Is America ready for the rise of the megaregion?

Part of our ongoing series on America in 2050...

New York City scene
(Image credit: (Bruce Bennett/Getty Images))

In 1922, a small group of city planners and business leaders started studying New York City. It was the Jazz Age, the Roaring Twenties — a good time to be a New York resident, when Babe Ruth batted for the Yankees and F. Scott Fitzgerald debuted The Great Gatsby.

But the planning group also found that New York's influence — financially, socially, culturally — was not confined to its borders. Bridges linked the city to surrounding states, ports joined their coastlines, and thousands of residents passed between the city's financial heart and its outlying suburbs everyday. And as the region grew, the ties between the region only grew, too.

In 1929, the group released a report — aptly named "Regional Plan of New York and Its Environs" — that laid out a master plan for developing the interconnected communities of New York, New Jersey, and Connecticut. It was the first time planners had taken such a sweeping view of the area as a whole, living region.

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Many of the ideas in the report stuck and the small group that produced it became the Regional Plan Association, a formalized group that still helps guide the area's planning today.

Decades later, the association's planners started looking outside of the New York region. They wanted to see if there were similar areas around the country that were just as tightly linked as the tri-state region.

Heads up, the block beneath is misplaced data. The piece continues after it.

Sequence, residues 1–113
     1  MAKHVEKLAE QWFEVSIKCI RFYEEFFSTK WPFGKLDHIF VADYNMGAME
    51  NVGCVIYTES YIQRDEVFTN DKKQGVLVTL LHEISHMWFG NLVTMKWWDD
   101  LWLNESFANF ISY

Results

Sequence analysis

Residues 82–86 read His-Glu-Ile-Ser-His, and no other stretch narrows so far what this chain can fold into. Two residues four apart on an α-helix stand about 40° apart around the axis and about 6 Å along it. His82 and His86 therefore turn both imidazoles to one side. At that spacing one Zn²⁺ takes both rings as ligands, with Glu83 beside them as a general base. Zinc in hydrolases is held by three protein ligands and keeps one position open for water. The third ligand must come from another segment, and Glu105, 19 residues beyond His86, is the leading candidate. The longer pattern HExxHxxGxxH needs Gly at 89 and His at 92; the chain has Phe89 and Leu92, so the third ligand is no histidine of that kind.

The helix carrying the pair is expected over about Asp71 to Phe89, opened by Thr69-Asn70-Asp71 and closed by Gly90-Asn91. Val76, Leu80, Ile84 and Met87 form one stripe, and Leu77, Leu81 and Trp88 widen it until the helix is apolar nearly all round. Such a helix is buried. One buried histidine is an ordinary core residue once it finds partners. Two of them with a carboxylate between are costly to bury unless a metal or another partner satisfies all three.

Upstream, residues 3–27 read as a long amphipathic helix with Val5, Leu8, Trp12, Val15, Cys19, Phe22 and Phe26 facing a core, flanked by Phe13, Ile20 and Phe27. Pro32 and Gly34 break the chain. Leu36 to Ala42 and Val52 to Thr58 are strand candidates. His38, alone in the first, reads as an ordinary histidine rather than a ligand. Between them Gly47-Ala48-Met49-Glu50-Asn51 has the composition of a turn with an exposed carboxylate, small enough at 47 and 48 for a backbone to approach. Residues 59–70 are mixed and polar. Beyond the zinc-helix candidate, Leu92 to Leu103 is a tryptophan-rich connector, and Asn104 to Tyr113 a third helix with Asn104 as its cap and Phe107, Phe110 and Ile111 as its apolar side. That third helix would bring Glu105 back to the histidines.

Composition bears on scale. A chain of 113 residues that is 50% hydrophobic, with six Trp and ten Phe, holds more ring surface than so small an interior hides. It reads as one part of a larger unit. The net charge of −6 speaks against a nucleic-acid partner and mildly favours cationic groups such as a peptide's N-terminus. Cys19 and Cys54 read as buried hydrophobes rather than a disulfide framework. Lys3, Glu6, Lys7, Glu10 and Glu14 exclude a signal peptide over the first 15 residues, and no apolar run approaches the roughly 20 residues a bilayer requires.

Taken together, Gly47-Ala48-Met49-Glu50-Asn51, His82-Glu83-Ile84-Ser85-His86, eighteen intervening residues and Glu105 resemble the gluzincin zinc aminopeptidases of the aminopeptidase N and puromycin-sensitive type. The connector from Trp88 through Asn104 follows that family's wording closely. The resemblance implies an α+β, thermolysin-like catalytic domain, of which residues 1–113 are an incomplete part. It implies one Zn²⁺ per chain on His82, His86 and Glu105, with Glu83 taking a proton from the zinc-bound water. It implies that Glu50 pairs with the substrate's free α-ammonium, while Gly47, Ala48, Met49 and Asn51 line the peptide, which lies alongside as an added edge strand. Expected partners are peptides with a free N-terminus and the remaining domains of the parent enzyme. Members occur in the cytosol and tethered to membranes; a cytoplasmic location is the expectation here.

New York, for example, was clearly part of the greater Northeast Corridor, which runs roughly from Boston to Washington, DC.

"It's very clear that we're part of a region that's even bigger than the tri-state region," said Juliette Michaelson, Vice President for Strategy at the Regional Plan Association. "There is a whole Northeast corridor that is clearly one interconnected region, economically, environmentally, in terms of ecosystems and transportation."

And there were other similarly connected areas around the country, they found. In 2011, they released a map — which ended up getting coverage everywhere from The Washington Post to Reddit — showing 11 total "megaregions" in the country. These big networks of cities, suburbs, small towns, and states could span anywhere from 100 to 600 miles, and were often linked by infrastructure like commuter rail lines or interstate highways.

Though the concept has existed in academia for decades, planners are now looking at these dense corridors of population, businesses, and transportation and wondering if the megaregion may, in fact, be the next step in America's evolution. With renewed interest and investment in urban centers and the projected growth of high speed rail, megaregions could easily become home to millions more Americans.

The Northeast corridor, for example, could receive up to 18 million more residents by 2050, according to estimates from the Regional Plan Association. And the region encompassing major cities in Texas including Houston and Dallas could see a spike from roughly 12 million to 18 million people in that same time, the association says.

And where population goes, economic growth is not far behind. The Northeast corridor would be the fifth largest economy in the world, with the Great Lakes megaregion at ninth and the Southern California megaregion outpacing Indonesia, Turkey, and the Netherlands as the 18th largest, according to 2012 estimates from real estate advisory RCLCO.